Dr. Patrick Whelan, a Boston physician, was teaching a course in medical ethics at Harvard University when then-St. Louis Archbishop Raymond Burke, in the heat of the 2004 election, declared that Democratic presidential nominee, John Kerry should be denied Communion because of his positions on abortion and embryonic stem-cell research (NCRonline, Aug. 8, 2008).
That was enough.
Whelan writes he realized then that “the issues that interfaced between Catholicism and politics were medical ethics issues” and he was curious that there were no doctors involved in the conversation. So he contacted the Kerry campaign to ask how he could get involved in Catholic outreach, only to be told the campaign had no such outreach effort.
That’s when the energized Whelan started a Web site that resulted in “Catholics for Kerry.” He discovered that throughout the country “there were groups of dedicated people” aware that “Catholic issues had been misappropriated to serve the Republican agenda.”
New to NCR: Obituaries.
Visit these pages to remember and celebrate the lives of those we have recently lost.
The Whelan story picks up speed from there, leading to the formation of Catholics Democrats, an organization that claims membership in all 50 states. It is often cited in the popular press, and hosts an active Web site (www.catholicdemocrats.org).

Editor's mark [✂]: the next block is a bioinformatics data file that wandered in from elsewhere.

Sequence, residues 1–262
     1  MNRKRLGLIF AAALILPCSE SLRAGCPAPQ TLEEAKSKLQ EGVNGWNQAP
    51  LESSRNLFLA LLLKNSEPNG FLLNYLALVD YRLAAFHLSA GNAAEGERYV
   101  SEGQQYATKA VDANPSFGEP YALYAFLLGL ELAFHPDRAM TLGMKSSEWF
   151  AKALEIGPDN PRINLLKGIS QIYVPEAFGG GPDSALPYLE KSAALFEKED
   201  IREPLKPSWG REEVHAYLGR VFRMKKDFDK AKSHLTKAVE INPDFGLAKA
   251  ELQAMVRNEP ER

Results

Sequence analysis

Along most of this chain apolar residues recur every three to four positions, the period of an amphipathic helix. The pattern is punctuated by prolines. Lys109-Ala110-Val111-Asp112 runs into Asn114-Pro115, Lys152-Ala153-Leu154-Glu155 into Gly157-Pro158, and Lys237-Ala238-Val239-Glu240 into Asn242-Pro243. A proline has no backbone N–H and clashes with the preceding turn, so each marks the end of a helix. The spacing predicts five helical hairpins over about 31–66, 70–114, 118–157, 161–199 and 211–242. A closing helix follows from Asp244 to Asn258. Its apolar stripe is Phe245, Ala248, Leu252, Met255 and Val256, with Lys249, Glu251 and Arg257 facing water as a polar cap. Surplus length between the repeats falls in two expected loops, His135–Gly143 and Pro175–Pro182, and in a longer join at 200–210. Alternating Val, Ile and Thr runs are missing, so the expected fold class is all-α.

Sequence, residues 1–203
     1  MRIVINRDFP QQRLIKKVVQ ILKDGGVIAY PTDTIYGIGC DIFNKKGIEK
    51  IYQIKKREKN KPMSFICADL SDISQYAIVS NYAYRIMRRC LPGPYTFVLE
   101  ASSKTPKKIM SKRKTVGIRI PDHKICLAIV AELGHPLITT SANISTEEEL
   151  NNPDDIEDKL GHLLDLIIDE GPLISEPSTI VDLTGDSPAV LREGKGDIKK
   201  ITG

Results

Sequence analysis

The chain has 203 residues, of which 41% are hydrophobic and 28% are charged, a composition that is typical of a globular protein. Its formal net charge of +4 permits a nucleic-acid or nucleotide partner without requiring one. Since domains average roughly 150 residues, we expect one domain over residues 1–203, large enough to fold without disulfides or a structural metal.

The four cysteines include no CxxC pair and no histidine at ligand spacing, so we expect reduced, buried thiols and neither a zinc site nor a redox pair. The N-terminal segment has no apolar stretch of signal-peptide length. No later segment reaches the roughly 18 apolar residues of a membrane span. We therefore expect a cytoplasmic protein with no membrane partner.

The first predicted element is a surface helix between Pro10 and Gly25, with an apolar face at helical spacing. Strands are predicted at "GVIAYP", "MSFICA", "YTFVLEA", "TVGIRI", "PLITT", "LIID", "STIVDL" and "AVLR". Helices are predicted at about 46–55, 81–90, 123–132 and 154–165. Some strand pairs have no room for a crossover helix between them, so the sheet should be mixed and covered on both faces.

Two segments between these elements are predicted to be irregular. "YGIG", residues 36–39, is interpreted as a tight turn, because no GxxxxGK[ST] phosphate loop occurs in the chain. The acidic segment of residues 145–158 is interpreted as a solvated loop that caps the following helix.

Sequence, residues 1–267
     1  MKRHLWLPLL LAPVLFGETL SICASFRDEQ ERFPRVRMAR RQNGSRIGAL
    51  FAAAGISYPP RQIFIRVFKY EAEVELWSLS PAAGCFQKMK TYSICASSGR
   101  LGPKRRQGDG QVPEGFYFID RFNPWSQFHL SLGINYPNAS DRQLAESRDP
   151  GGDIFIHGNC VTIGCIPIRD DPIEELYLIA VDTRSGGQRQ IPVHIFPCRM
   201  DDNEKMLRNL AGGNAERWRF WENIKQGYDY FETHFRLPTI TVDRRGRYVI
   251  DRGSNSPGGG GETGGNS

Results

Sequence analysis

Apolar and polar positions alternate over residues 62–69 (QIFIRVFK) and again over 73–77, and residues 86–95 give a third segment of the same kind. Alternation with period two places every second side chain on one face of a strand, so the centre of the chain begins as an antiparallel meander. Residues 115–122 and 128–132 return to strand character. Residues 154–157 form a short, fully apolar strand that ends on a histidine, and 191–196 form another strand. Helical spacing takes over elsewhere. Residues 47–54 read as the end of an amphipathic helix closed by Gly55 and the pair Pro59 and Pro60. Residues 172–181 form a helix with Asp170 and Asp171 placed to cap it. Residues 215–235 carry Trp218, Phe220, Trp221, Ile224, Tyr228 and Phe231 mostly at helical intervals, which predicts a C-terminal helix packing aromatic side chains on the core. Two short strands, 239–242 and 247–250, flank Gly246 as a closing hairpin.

Now, just days before the Nov. 4th election, Whelan is at it again.
This time he has published a 58-page booklet called “The Catholic Case for Obama,” which is free on the “Catholic Democrats” Web site to be downloaded by anyone interested on learning more about the potential president’s Catholic roots, ties and outlooks.
Next to the download button, Whelan poses a question central to Catholic social teaching: “Is Barack Obama really pro-life?”
And the answer offered is a resounding yes.
The case Whelan makes, while it would raise the hair on the back of the necks of bishops who have strenuously argued that Obama is pro-abortion, fits with the thinking of other Catholics who have come out in support of the Illinois senator.
Here’s the Whelan case in a nut shell:
“Looking through the lens of Catholic Social Teaching, Senator Obama has spent his entire career striving for the common good. He supports health care programs that will cover all Americans, a living wage for working families, and solutions that allow distressed families to stay in their homes. And rather than trying to overturn Roe v. Wade, an ineffective strategy for 40 years, Senator Obama will reduce abortions. How? By promoting health care for pregnant women and better infant care, day care and job training. In fact, data has shown that social and education programs actually reduce abortions.”
Similar arguments, widely reported in the media, have been made recently by other high profile Catholics, including Nicholas P. Cafardi, the legal scholar, and Douglas Kmiec, chair and professor of constitutional law at Pepperdine University.
Of special interest in the Whelan booklet is the story of Obama’s early exposure to Catholicism in Indonesia, where he lived as a child with his mother. We learn that the first school he attended was a neighborhood Catholic academy, the St. Francis Assisi Foundation School where he began first grade in 1968 a few months after Martin Luther King Jr. and Bobby Kennedy were killed on the other side of the world.